Geosynthetic screens have also been extensively employed to enclose large, even irregularly shaped openings (Figure 4-18). Such systems range in price from $20 to $40 per square foot. Polyethylene basketweave fabric windscreen deploys directly over ground floor windows of a coastal home. Polyethylene basketweave fabric windscreen is deployed at edge of patio, enclosing the entire area. Image courtesy of Roll-a-way 66 of such systems, site-specific engineering is often required. Consultation with a contractor is recommended.
Impact-resistant Windows and Glazed Doors
In order to withstand both wind pressures and impact from windborne debris, window and door manufacturers have developed products with both sturdier frames and laminated (impact-resistant) glazing (Figure 4-19). Such systems are available in a variety of styles, options, and costs. While impact-resistant openings offer deployment-free protection, the glass can still be broken (but remains in the frame). Also, while these products are often available to the consumer through home improvement stores, professional installation is highly recommended in order to ensure that proper attachment of the windows to the structure is achieved.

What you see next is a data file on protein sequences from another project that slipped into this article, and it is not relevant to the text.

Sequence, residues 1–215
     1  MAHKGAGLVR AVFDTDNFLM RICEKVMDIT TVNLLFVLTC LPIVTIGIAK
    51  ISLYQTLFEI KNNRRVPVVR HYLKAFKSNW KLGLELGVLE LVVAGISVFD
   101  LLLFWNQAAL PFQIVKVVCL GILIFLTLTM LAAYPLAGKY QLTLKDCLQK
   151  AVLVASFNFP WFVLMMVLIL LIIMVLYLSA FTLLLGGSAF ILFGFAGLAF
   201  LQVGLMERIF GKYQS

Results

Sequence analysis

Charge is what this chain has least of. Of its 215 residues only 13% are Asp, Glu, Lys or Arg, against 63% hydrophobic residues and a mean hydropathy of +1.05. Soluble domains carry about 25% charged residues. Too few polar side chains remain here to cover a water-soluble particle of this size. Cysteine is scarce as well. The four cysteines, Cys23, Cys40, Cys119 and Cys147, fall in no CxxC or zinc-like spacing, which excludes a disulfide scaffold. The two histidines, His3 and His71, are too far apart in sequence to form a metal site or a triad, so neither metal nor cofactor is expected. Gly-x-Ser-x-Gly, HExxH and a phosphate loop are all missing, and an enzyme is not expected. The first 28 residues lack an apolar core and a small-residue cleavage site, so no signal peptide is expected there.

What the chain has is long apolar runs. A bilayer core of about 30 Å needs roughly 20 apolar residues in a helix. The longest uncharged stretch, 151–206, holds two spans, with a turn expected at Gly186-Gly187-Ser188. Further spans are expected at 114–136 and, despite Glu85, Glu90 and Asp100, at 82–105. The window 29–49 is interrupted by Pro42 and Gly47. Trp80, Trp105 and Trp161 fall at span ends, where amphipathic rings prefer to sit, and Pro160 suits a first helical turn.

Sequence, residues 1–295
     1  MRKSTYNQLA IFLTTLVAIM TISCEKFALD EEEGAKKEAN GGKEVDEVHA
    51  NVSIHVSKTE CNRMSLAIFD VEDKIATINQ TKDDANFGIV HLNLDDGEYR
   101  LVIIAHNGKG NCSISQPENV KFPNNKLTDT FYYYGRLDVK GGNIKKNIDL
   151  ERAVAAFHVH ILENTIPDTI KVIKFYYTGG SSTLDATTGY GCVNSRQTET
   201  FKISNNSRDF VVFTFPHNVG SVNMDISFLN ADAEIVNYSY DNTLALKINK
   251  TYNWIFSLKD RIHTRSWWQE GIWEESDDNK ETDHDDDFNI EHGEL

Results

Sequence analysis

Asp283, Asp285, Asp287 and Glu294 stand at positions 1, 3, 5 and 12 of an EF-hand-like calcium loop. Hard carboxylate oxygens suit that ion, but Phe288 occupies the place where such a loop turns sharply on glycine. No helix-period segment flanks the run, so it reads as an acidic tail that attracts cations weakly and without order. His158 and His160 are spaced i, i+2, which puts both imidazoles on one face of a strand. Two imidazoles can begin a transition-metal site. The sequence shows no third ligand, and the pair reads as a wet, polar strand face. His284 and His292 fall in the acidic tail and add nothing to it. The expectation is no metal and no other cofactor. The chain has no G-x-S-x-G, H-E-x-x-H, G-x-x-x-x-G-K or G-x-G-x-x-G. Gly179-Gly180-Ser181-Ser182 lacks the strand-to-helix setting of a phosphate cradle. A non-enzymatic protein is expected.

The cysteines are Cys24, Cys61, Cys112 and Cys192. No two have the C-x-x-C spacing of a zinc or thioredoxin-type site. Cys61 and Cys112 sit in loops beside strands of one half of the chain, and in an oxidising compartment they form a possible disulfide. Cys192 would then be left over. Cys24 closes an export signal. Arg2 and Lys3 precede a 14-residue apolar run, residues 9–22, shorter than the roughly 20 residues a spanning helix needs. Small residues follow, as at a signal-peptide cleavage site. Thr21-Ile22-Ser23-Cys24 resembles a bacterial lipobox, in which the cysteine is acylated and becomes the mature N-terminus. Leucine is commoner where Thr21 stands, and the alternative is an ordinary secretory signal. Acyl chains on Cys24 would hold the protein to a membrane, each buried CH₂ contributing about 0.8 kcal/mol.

Historically, plywood has been the most commonly used option for protecting window openings. This is undoubtedly due to its relatively low cost and ready availability. Plywood coverings offer protection for moderate level storms if properly installed (Figures 4-20 and 4-21). However, plywood can rot or warp if stored in a wet or warm area. Also, plywood is relatively heavy. You will need two people to help prepare and install plywood window coverings. Because of its weight, it would be difficult or even dangerous to install plywood if a ladder is needed. Thus, plywood shutters may be appropriate for easily accessible windows on the first floor, or windows that can easily be reached by a terrace or patio on upper floors.